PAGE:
Every home has a story. Some have layers of history. Vashon’s Beall Greenhouses have chapters starting in about a hundred years ago, and are entering a new era.
From a place well-known for its orchids, the place passed through a phase when decay worked faster than repair. After a few attempts at cleaning up the site, it’s finally reached the point where it has been redefined as an artist community for a dozen artists.
It is also time for the property to come back onto the market at $1,700,000. Lots of stories, lots of opportunities and possible futures, and a chance to support some of Vashon’s art community.
It isn’t just an artist community, though that’s impressive enough. The property includes a 3,000-square-foot house and a smaller house for a total of five bedrooms and three bathrooms. At least one of the homes is in the top floor of a barn. Nicely rustic.
In addition to the conventional kitchen and living arrangement, someone paid a lot of attention to creating a sweet sauna and shower. The right luxury can make a bad day good.
Much of the price probably comes from outside the house. Out of the artists that lease on the property, many, if not all, of the artists are successful, or at least well-known.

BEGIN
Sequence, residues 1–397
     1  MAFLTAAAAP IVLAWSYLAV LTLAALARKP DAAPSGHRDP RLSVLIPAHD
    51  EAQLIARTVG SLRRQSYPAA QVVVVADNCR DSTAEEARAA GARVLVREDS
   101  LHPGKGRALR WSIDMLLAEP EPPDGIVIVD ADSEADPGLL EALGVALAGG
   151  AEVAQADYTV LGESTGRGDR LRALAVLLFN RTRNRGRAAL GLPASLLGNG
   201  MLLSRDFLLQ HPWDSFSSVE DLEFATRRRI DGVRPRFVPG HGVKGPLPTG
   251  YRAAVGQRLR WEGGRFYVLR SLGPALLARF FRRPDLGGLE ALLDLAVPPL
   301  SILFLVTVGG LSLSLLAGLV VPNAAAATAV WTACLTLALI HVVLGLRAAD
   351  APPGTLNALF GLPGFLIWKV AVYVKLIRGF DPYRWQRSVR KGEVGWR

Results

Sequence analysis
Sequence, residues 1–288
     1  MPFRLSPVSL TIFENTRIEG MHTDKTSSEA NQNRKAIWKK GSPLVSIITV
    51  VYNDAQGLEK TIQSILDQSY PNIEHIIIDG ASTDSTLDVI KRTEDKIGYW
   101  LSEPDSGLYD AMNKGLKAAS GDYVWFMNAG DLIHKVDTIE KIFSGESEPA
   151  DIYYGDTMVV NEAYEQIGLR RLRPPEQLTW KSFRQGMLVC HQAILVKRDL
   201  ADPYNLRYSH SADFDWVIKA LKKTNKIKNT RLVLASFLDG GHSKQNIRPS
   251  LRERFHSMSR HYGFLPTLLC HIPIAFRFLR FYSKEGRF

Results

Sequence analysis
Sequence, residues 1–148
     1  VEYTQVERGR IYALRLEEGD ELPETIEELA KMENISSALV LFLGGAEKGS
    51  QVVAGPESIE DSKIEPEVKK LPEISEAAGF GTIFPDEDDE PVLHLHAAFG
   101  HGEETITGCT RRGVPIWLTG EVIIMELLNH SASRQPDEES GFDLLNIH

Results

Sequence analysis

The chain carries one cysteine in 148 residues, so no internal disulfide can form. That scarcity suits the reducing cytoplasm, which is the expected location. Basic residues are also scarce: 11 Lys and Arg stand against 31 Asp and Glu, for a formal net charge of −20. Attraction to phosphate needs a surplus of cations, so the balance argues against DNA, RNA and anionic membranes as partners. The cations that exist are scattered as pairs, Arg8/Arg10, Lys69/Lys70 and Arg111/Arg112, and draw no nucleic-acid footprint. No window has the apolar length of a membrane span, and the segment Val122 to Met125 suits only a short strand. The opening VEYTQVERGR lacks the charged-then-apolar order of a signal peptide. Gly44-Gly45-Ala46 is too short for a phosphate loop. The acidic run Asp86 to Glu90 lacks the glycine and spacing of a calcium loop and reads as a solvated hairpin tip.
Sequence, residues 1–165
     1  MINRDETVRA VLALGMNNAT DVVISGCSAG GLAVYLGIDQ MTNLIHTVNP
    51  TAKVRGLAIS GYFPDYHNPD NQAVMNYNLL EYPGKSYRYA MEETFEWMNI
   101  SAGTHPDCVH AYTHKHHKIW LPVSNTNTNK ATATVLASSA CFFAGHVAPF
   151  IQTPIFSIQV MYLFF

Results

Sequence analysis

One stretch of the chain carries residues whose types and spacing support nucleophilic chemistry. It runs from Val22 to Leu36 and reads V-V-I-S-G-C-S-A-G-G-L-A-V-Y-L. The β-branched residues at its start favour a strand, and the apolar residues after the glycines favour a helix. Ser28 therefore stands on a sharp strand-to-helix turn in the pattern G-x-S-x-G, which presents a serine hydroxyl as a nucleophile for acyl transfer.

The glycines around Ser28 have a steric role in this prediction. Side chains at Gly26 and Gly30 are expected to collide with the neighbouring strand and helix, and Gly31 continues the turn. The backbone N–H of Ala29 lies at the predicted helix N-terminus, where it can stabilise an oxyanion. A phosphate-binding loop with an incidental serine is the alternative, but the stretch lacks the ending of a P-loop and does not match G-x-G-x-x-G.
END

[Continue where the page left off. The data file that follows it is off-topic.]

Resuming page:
More than 16 acres include several greenhouses and outbuildings, or what remains of them. Some could use a bit of help. Others require evicting trees that have lived there for years.
With the right funds, energy, and a bit of luck, maybe buildings and foundations can be saved and the renaissance continued.
The Vashon-Maury Island Beachcomber described some of the greenhouses’ renovation status in 2012:
The Beall Greenhouses, however, turned out to be unlike any project the Hoopers had taken on. Many of the buildings were in a state of ruin, Chuck said. Blackberries, brambles and even trees had taken over many of the greenhouses, and in recent years the site had been used as a garbage dump of sorts — old appliances, cars, boats and other trash were ditched on several acres.
Another challenge, says the Beachcomber, is that the greenhouses were in use back in the days of lax environmental regulation—making cleanup a challenge.
Many of the greenhouses have been restored over the years, but from the looks of this listing, some are still in picturesque ruins.
A lot can happen in five years, and it’s possible a lot of work has taken place in that time. The right owner willing to pick up where the previous owners left off could mean another barrier falling away from the Beall Greenhouses growing into a healthier future.